Rob Pickles talks about how Nigeria can harness its wildlife wealth, improve herding, tackle illicit trafficking by militia groups and prevent another pandemic
Helped by ungoverned forest, poaching, trafficking and other wildlife crimes have intensified the conflict between wildlife and people as they compete for land and resources.
Panthera, a global wild cat conservation organisation, developed a guide modelled on problem-oriented policing (POP) used by police agencies worldwide that has shown to reduce crime by an average of 34 per cent.
PREMIUM TIMES’ Yusuf Akinpelu spoke with Panthera’ssouth and southeast Asia regional counter-wildlife crime coordinator, Rob Pickles, who talked about how Nigeria can harness its wildlife wealth, improve herding, tackle illicit trafficking by militia groups and prevent another pandemic.
PT: Prided for its enormous wildlife wealth, Africa is home to some 90 species of mammals and 2,000 species of freshwater fish. Why does it matter to preserve these animals?
Pickles: Earth’s biodiversity is one of the life support systems of humanity. The faster we eat or destroy wild creatures and wild places, the faster we sow the seeds of our own demise. Careful stewardship of the treasure trove of wildlife is about more than the ethics of wiping out non-human species but recognising the unwritten value these species play in our economies and daily survival.
PT: Nigeria is home to one of the largest groups of herders around. So, poaching, in retaliation for loss of herds can be expected. Could you explain what methods you have developed to address this?
Pickles: Of course, nobody wants to live with the threat of a predator causing loss of income over their herds. There have been excellent methods developed to reduce the likelihood of a predator attack happening, whether creating predator-proof fencing, guard dogs, or changing husbandry practices to make depredation less likely.
Problem-oriented wildlife protection here would involve first researching the nature of the predation problem, then selecting a response that works best for that context.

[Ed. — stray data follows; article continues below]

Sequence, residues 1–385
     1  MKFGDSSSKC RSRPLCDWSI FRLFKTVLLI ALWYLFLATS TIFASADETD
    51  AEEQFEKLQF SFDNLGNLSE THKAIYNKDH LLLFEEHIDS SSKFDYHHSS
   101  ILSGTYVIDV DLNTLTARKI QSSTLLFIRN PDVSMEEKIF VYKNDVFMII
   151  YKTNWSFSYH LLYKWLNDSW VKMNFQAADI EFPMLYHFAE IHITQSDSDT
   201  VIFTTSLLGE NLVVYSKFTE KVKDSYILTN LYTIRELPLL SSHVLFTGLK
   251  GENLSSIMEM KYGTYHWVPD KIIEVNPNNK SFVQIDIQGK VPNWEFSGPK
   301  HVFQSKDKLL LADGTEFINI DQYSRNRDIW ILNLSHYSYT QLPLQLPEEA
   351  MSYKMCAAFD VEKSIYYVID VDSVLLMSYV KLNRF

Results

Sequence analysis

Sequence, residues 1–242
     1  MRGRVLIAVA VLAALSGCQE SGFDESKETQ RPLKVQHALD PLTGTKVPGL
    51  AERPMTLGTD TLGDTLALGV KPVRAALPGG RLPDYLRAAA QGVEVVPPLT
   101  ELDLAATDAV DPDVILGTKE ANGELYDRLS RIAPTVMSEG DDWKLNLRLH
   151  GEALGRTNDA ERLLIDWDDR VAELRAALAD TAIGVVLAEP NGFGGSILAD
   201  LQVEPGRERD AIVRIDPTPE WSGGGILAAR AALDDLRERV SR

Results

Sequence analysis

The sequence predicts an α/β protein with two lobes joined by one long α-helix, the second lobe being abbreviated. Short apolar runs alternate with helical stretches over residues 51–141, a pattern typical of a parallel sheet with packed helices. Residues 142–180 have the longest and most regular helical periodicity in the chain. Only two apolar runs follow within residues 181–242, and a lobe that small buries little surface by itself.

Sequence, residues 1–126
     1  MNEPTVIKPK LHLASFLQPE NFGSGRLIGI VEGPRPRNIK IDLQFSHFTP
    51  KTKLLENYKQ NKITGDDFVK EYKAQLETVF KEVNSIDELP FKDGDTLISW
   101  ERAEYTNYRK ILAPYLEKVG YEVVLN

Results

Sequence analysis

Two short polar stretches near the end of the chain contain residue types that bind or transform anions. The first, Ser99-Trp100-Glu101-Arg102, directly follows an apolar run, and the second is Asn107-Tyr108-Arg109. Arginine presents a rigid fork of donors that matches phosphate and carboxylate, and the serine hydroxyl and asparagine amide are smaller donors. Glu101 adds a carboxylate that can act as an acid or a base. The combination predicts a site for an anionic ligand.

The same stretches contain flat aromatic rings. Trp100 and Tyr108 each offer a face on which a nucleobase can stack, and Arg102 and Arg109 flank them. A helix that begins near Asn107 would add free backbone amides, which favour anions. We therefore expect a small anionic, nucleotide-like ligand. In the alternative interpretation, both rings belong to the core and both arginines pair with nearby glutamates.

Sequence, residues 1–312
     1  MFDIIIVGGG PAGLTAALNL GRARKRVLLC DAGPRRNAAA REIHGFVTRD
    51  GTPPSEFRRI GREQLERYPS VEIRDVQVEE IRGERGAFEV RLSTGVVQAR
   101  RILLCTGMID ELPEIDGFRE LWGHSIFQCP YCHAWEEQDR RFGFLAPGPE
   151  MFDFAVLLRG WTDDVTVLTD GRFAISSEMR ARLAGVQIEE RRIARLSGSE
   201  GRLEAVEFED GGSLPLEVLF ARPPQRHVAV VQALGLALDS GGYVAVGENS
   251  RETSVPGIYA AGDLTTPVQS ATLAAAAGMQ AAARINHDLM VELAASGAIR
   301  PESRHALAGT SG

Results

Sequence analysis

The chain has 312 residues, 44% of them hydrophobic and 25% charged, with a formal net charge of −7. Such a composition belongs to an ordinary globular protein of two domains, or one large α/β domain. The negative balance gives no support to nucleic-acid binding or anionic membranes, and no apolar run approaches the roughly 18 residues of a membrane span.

PT: Zoos have proven to be another wildlife conservation method, but their management has not been top notch in some places likely because patronage is low. What can change this?
Pickles: Zoos can play a role in educating people about wildlife conservation and raising necessary funds to support direct conservation work on the ground. Certain zoos are involved in successful efforts to breed critically endangered species to release them back into the wild.
Unfortunately, these cases are far too rare. Many zoos are primarily run for profit and the entertainment of patrons and conservation is not a priority, nor is the welfare of the animals held. In the worst-case scenario, zoos and private collections have acted as mechanisms to launder wild animals into the trafficking chain.
Change is needed and starts with zoo patrons asking how much of their entry fee is going to protect the animals in the wild while boycotting institutions with imperfect records. At the national level, policies to tighten regulatory oversight of zoo operations is vital.
Panthera supports the efforts of the American Zoo Association’s Species Survival Plan, the European Zoo Association’s European Endangered Species Programme and other breeding programmes managed by members of the World Association of Zoos and Aquariums to advance the conservation of wild cats through public awareness and education, research, demographic and genetic back-up for wild populations, and in some cases, reintroduction of captive-bred animals into the wild.